The classes NP and co-NP can be defined as , and , where P is the class of all feasibly (polynomial-time) decidable languages. The polynomial hierarchy can be defined recursively as

    Note that , and .

    This definition reflects the close connection between the polynomial hierarchy and the arithmetical hierarchy, where R and RE play roles analogous to P and NP, respectively. The analytic hierarchy is also defined in a similar way to give a hierarchy of subsets of the real numbers.
  3. An equivalent definition in terms of alternating Turing machines defines (respectively, ) as the set of decision problems solvable in polynomial time on an alternating Turing machine with k alternations starting in an existential (respectively, universal) state.

Relations between classes in the polynomial hierarchy

The definitions imply the relations:

Unlike the arithmetic and analytic hierarchies, whose inclusions are known to be proper, it is an open question whether any of these inclusions are proper, though it is widely believed that they all are. If any , or if any , then the hierarchy collapses to level k: for all , . In particular, if P = NP, then the hierarchy collapses completely.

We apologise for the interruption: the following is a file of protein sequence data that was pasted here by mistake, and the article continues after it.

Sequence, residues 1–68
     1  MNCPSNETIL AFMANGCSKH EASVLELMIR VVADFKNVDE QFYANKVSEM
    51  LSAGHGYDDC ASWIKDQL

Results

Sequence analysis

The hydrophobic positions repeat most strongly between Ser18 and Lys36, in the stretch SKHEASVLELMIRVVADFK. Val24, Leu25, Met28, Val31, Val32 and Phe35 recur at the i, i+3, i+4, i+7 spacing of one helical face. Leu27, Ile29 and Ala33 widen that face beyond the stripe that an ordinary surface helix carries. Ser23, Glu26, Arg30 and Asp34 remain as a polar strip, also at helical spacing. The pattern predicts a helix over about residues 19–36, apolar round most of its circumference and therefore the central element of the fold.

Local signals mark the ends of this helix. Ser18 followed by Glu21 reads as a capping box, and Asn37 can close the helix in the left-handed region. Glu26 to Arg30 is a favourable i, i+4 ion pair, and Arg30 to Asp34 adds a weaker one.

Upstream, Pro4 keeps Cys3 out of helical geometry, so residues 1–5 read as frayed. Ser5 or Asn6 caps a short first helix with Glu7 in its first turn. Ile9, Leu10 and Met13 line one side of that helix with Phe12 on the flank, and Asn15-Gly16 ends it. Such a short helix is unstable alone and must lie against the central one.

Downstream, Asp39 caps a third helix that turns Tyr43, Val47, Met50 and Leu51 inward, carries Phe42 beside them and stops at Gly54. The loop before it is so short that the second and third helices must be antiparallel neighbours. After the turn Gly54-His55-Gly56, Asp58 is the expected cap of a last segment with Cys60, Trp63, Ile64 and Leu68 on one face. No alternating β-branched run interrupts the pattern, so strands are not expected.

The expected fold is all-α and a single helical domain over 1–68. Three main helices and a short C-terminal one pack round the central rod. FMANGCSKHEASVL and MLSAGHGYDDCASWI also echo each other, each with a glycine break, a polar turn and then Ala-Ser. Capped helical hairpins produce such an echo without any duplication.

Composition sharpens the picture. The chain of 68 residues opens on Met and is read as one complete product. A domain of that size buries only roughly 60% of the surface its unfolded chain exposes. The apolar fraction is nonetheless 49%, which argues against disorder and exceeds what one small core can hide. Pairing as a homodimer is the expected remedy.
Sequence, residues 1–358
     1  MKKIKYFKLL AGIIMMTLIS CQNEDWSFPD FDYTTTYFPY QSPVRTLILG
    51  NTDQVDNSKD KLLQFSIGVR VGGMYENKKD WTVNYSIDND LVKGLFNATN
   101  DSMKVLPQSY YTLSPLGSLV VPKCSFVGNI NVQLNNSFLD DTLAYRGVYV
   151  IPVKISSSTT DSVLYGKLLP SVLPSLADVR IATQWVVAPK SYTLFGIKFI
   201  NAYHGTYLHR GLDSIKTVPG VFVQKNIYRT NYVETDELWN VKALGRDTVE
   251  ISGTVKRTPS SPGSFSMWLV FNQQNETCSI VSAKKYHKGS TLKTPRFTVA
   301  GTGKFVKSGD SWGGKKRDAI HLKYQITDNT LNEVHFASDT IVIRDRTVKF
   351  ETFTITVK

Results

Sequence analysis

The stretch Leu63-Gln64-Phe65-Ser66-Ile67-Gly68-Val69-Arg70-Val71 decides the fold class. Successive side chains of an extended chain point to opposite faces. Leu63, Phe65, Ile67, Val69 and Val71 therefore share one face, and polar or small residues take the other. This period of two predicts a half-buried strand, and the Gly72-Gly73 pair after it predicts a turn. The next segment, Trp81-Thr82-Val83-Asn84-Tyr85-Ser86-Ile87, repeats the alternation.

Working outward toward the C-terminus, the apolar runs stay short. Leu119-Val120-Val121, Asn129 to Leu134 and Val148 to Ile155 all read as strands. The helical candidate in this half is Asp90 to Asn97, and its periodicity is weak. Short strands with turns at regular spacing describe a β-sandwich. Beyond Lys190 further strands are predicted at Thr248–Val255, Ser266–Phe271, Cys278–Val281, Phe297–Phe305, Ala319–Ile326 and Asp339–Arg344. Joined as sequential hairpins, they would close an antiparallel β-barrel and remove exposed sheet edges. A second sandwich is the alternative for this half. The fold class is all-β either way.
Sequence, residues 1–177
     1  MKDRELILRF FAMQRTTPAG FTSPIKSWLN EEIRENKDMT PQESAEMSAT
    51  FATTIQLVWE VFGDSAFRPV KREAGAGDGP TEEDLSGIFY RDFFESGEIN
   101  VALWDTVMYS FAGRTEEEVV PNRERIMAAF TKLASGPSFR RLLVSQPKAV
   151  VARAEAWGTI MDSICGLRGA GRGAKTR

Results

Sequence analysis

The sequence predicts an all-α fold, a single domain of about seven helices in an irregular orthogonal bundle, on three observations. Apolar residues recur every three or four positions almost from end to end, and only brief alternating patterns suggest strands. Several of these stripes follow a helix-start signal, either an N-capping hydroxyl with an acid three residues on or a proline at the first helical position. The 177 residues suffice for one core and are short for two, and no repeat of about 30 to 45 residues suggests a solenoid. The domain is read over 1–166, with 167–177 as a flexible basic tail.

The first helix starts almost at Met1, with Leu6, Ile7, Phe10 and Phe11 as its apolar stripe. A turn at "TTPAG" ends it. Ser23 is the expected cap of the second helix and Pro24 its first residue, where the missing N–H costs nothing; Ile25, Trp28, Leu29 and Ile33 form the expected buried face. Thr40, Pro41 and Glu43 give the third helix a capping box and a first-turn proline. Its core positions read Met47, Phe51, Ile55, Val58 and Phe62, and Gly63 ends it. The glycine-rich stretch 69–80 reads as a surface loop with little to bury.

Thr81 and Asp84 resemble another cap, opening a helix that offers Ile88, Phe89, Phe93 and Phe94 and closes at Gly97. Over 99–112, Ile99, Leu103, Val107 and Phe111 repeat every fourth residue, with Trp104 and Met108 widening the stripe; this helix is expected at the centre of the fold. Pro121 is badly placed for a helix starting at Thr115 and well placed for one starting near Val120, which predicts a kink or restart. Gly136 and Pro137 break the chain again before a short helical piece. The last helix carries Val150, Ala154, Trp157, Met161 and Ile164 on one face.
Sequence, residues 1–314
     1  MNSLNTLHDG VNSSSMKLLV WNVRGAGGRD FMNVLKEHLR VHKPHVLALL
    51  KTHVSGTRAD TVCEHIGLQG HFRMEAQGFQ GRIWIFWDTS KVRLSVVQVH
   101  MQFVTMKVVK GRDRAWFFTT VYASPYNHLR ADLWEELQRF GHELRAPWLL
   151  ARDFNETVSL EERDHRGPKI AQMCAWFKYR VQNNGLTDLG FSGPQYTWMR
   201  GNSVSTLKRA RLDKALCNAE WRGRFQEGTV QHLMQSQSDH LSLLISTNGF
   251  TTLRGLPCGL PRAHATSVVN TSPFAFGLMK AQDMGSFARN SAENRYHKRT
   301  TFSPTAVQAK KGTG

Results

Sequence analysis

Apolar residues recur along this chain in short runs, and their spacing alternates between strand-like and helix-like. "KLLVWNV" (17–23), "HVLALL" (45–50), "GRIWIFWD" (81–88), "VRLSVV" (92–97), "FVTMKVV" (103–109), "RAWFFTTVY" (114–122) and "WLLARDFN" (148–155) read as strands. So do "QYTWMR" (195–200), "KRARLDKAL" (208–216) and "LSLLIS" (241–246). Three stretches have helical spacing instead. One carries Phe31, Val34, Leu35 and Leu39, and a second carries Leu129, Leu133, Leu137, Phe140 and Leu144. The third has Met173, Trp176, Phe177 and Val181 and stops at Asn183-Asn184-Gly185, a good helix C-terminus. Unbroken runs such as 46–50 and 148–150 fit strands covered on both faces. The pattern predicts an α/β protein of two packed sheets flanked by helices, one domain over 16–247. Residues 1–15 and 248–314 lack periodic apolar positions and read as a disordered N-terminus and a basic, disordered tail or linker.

The union of all classes in the polynomial hierarchy is the complexity class PH.


Unsolved problem in computer science:
(more unsolved problems in computer science)

The polynomial hierarchy is an analogue (at much lower complexity) of the exponential hierarchy and arithmetical hierarchy.

It is known that PH is contained within PSPACE, but it is not known whether the two classes are equal. One useful reformulation of this problem is that PH = PSPACE if and only if second-order logic over finite structures gains no additional power from the addition of a transitive closure operator.